Is rum really the new gin?

Izzy Payne

Izzy Payne


Three years ago, gin was everywhere. You couldn't escape it. You’d go into a pub and be confronted with 40 different gins on the shelf to sift through, infused with every botanical, mineral, or vegetable you could think of. It was overwhelming. Everyone and their nan was on the gin.

While the gin craze appears to have plateaued, whispers suggest there's a fresh challenger eager to claim its spot on the drinks shelf.

Britain's gin boom was a thing of beauty for G&T lovers: so many choices, so many flavours, so many g’s to our t’s. But in the last year or so, big gin brands have seen a massive decline in sales. Leading the decline in value sales is Gordons, which reported a £72.8m loss on the previous year’s sales according to The Grocer. Other major players like Whitley Neill, Bombay and Tanqueray have all reported similar losses, having shed a massive £33.8m between them.

There’s a different category chomping at the heels of gin. The Drinks Business reported that business consultancy Maximise Market Research expects the global rum category to grow from $14.5 billion in 2022 to $20.2 billion in 2029 at a compound annual growth rate of 4.85%.

There is an overarching trend of drinking less in the UK that can’t be ignored when discussing gin’s fall from grace. To put it simply: people are drinking less. Since reaching a peak in the mid-2000s, alcohol consumption levels have been falling steadily, especially among young people. In fact, more and more young people are becoming completely teetotal according to recent findings.

Despite declining drinking levels, there is one trend that is continuing to grow: premiumisation. Despite the rising cost of living, people are still willing to pay for a premium drinking experience.

This trend goes hand in hand with the consumer demand for sustainability. With concerns for our environment growing as fast as flowers are sprouting in Antarctica, more and more people are prioritising sustainability when buying anything. So perhaps people are still drinking, but they’re doing it less frequently, and with better products. Enter, rum.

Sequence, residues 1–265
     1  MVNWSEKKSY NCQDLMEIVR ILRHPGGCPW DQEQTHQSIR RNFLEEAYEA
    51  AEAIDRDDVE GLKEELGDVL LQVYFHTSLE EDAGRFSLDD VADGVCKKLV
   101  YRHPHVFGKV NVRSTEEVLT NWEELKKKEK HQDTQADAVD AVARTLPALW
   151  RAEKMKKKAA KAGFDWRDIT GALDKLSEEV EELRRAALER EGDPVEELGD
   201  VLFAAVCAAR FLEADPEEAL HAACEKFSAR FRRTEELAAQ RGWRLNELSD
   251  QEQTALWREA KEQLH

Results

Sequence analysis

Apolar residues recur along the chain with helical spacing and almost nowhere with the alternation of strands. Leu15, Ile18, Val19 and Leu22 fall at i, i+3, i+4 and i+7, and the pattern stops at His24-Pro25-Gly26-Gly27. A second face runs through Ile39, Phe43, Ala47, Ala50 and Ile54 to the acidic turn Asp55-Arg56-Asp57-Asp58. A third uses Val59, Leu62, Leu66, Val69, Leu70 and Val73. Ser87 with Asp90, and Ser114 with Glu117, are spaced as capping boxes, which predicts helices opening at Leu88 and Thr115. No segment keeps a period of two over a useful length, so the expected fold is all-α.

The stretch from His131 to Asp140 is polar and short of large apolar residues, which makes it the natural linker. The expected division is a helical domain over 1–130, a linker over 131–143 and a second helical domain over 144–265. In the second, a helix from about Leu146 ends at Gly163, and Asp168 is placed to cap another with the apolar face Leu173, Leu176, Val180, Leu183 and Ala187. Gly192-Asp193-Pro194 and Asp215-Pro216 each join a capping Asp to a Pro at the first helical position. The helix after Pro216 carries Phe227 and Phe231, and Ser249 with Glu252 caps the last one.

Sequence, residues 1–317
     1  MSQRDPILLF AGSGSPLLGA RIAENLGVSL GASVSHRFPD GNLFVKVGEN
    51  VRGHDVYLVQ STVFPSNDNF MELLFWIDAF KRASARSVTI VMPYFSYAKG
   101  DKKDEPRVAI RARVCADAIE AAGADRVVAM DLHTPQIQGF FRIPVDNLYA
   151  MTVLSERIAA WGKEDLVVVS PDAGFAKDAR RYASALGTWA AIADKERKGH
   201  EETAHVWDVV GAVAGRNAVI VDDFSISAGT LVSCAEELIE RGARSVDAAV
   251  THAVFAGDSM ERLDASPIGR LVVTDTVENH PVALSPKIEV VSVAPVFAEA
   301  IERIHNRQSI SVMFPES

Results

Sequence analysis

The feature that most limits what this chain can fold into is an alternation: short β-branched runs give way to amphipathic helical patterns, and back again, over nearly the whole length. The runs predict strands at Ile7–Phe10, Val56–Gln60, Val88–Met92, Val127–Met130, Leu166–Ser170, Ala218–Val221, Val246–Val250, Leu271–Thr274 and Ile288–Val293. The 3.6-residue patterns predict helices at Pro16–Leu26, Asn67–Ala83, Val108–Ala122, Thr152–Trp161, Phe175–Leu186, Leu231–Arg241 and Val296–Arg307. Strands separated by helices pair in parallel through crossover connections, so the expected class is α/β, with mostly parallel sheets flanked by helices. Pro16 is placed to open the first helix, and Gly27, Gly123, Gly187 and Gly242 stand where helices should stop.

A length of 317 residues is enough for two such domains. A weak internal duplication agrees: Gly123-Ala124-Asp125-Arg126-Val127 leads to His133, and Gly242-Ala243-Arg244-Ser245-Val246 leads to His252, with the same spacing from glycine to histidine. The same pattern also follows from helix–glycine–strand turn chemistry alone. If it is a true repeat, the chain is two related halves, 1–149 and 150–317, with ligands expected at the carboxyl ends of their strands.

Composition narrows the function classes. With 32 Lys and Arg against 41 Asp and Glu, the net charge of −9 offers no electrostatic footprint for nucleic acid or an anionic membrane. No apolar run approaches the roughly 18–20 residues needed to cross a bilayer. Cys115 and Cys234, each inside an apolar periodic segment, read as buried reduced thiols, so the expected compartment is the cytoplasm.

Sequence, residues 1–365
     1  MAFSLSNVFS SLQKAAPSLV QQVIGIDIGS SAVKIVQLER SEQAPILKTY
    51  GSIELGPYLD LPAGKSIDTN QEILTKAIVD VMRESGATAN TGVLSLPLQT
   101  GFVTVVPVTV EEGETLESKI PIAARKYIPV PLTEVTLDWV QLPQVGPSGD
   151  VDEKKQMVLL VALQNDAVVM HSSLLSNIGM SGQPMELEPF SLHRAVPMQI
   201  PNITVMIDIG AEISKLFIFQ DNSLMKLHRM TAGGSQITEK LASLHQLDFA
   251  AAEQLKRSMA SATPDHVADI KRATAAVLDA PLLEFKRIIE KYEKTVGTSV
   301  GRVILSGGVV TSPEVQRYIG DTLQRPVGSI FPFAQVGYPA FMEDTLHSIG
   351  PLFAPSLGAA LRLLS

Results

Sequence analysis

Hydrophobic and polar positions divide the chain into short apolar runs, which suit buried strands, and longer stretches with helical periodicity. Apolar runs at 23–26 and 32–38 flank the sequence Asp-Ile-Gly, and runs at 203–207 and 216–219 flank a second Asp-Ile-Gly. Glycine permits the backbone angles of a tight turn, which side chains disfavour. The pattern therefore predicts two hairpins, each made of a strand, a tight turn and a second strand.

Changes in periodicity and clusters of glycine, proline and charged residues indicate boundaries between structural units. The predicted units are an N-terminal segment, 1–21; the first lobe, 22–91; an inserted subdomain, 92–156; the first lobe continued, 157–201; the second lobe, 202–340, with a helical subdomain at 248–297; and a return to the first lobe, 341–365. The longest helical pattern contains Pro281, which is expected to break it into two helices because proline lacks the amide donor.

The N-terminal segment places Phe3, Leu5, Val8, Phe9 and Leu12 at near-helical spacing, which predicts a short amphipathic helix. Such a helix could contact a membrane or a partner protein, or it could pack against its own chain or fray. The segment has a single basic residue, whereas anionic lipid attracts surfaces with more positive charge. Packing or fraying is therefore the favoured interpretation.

The trend for premiumisation is hugely prevalent within the rum category and has been an important driver of its category growth. In an article published by the Campari Group, it was reported that premium rum saw an 18% increase in value sales in the off-trade in 2021, compared to a declining standard rum category. The report also anticipated that growth will continue for premium rum, as consumers continue to show a greater appreciation for the quality of rum on offer, with the ‘drinking less but better’ trend playing an enhanced role. The same article detailed that over two-thirds of UK consumers reported they would spend more for a higher quality drink, with a third of these consumers drinking rum as a regular drink.

So rum might be the new fashionable spirit to enjoy but there is a larger trend at play here: premium is essential, and rum is the new black. The Neverbland team are loving Bone Idyll’s Bone Dry London Gin for something classic, or Las Olas’ Premium Spiced Rum for something special.

Related articles

Stay in the loop

Sign up to get our thoughts, work and other tidbits straight to your inbox. No spam, promise.